This week our story consists of a mother who is missing her oldest child, a child who goes away from her often enough, but never without contact. However, for five long days, I won't hear from her, so I check out the camp schedule to see what she's doing. As I write this, it looks like she is in the middle of "Cabin Activity Period – a time for campers to sit with counselors and come up with activities they want to do most." I wonder what it is she wants to do most, and if her fellow cabin mates want the same thing.
This week our story involves a seven year old boy who spends most of his hours down the hill playing with neighbors, only running home occasionally to grab a toy or eat a sandwich. I know that it will not be long until he has become too cool for his family, a family most defined by being a little bit different. I wonder what word he will use when trying to describe his family to new friends who have yet to meet us: "My parents, well, they're sort of..."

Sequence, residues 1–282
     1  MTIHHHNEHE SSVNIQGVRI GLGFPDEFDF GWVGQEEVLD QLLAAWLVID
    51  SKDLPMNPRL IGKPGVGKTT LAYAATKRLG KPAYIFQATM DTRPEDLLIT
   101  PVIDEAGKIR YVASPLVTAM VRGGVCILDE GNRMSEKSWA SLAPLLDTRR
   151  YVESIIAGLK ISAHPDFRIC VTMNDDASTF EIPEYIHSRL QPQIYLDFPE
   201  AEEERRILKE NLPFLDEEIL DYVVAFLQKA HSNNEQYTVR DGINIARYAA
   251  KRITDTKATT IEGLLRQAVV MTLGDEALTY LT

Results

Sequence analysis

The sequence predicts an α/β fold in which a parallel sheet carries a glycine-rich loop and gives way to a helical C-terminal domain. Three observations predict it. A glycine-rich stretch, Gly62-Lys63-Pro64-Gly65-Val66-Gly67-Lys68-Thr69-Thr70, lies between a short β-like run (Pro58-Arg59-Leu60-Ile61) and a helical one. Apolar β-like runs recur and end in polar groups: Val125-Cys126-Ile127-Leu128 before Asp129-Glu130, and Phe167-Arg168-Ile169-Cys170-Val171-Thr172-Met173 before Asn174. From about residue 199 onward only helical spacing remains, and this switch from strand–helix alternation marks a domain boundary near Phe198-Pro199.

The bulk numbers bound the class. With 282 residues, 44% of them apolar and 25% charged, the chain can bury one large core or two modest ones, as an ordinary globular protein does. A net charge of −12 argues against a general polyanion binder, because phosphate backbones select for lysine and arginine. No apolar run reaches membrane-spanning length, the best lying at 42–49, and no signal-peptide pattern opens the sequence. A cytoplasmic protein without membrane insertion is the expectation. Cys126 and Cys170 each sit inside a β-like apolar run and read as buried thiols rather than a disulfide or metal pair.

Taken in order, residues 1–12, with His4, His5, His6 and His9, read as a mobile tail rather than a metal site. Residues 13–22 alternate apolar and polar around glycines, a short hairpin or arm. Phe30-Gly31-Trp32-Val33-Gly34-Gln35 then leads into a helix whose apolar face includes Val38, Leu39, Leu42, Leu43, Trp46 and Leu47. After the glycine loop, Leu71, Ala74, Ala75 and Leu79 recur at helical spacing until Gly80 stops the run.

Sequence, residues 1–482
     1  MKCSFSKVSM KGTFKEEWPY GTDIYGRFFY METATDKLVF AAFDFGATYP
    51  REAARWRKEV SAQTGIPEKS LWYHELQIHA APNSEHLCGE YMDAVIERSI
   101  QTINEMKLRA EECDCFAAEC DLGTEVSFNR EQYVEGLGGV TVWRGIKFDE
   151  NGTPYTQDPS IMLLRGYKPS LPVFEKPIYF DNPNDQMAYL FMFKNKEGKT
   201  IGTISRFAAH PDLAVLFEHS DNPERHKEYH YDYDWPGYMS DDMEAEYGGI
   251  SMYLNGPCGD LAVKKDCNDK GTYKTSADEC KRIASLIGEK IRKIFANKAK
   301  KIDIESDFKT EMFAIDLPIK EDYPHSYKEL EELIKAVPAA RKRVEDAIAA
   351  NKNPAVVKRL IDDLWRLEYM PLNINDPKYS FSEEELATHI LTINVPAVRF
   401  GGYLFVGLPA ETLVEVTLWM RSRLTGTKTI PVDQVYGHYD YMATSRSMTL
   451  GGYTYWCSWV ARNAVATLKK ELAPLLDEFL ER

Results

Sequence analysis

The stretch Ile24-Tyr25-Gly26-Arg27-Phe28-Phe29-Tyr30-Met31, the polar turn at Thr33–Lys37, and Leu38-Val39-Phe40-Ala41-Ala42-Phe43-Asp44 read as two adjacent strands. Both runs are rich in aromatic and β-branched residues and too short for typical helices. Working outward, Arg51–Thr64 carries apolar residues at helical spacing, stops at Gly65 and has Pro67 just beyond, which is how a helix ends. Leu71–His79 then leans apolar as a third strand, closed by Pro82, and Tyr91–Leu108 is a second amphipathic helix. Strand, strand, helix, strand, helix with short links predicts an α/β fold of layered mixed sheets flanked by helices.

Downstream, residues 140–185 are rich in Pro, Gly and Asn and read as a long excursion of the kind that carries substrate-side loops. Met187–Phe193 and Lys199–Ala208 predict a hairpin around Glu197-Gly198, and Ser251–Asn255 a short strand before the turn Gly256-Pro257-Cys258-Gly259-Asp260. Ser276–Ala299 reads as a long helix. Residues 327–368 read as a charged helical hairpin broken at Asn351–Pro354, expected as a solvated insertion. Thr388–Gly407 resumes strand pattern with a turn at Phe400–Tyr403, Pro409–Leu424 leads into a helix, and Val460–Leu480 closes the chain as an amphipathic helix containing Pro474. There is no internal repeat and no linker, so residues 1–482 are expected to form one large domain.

This week our story stars an eighteen month old blond boy with the darkest brown eyes who makes the most expressive faces and runs around slowly, hunched over, making little, beautiful messes. I wait for the moments when he'll fall asleep, trying to convince myself that then I will do the things I know that need to be done. I'll take the laundry off the line and start another load. I'll send out a few emails. I'll vacuum the floors.
The set of our story is always disheveled but never dirty, not by my definition at least, although my older brother who moved in with us a few months ago might disagree. He tries to sneak in anti-bacterial products when I'm not looking. He mops the kitchen floor before I decide to get around to it.
This week our story is slow and sweaty punctuated by cool breezes, a little sleepier than usual.